Ra-El was escorted to the defense table by the bailiff and a corrections officer.

Moorman: “So, here we are in case 12-12060, and Mr. Gambini also known as Thundercloud Ra-El is present. He’s about to be unhandcuffed.”

Thundercloud was uncuffed and took his seat.

Moorman: “Sir, you have been charged, as I know you know, but I’m going to tell you again, with a felony violation of Health and Safety Code Section 11358, commonly known as cultivation of marijuana. It is alleged this offense occurred on the 27th of February, 2012, in the County of Mendocino. The People have filed a verified complaint to that effect. You have entered a plea of not guilty and today is the date set for your preliminary hearing. Are you prepared to proceed?”

Thundercloud: “Ma’am, if I may, I didn’t put that plea. Ms. Mayfield had put that in.”

Moorman: “Judge Mayfield.”

Thundercloud: “Judge.”

Moorman: “Yes, she did.”

Thundercloud: “As I objected, she was not acting as the defendant on that plea. I didn’t — I didn’t put a plea in. She put the plea in for me, and I didn’t have an opportunity to put the plea in.”

Moorman: “Right. And judges have the authority under the code to enter not guilty pleas on behalf of criminal defendants because, first of all, we don’t enter guilty pleas; and, secondly, we do that when we want to get the proceedings started. You are in custody. I’m sure Judge Mayfield was a bit concerned about that. So she has the authority under the law to enter a not guilty plea on your behalf. That’s why she did it. And that’s why, sort of in part, why we are here today.”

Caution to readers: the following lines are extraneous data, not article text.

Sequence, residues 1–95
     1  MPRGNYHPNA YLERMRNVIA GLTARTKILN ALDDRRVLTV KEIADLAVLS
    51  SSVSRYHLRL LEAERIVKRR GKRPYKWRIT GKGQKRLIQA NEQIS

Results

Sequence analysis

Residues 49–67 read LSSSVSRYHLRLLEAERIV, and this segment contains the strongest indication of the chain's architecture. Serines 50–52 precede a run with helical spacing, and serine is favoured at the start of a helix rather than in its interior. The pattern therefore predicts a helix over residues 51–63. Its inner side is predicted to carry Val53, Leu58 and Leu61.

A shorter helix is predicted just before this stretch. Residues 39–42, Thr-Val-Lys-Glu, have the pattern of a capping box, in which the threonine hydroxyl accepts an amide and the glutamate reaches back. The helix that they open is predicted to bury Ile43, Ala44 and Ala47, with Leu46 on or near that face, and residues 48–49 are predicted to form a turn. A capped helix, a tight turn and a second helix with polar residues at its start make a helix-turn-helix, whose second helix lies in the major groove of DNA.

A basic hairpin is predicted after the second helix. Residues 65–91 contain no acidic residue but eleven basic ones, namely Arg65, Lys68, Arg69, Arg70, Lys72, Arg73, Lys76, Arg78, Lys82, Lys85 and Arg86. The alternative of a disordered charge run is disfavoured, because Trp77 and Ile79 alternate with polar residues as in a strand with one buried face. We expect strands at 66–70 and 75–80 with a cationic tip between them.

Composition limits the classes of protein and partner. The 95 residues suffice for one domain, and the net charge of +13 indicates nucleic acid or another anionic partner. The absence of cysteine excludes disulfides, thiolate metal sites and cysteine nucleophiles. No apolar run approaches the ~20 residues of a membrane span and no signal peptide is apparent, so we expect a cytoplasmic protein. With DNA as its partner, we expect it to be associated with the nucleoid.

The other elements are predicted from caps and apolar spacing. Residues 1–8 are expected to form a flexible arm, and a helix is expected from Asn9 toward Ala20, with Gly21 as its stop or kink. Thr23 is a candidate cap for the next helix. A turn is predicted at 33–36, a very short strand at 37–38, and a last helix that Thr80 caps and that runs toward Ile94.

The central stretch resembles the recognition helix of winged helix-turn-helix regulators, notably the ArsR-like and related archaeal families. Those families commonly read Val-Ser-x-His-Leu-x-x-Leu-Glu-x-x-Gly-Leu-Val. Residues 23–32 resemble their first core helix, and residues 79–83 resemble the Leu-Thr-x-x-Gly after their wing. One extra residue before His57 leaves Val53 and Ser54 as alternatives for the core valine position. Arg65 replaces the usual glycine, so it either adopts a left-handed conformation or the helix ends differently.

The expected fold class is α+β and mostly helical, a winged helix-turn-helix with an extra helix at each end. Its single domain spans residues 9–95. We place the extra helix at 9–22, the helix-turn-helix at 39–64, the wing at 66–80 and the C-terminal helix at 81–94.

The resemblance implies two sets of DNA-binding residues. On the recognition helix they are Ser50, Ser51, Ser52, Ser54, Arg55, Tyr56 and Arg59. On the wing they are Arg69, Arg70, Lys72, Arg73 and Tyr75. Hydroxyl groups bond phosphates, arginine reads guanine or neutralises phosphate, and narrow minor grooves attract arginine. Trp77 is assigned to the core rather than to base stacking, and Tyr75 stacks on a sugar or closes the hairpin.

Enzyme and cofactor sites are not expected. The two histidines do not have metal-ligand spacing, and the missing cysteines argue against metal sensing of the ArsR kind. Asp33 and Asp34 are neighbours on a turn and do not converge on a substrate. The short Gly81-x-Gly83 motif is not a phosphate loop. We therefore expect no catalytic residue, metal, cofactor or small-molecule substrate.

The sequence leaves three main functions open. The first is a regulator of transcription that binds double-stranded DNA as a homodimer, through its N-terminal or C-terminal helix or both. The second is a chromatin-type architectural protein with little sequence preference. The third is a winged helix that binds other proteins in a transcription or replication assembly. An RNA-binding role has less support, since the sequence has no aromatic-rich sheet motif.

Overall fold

Thundercloud: “All right. Well, I mean, did I — we also established that this court does not have a claim against the estate. If we—”

Moorman: “Excuse me?”

Thundercloud: “In the record, the court record, we have the other judge. I forget his name. He said they should have it on the record. After asking a second time if he is bringing — if the court’s bringing a claim against the estate, he said no. I don’t know if you can please repeat that for me, because I didn’t hear what the judge said after that. It was really just pretty quick and they called another case and I was left in limbo.”

There was no “other judge.”

Moorman (with a baffled expression): “Right. Okay. Well, as I told you, the People of the State of California have filed a verified complaint. The People of the State of California are represented through Mr. Eyster…”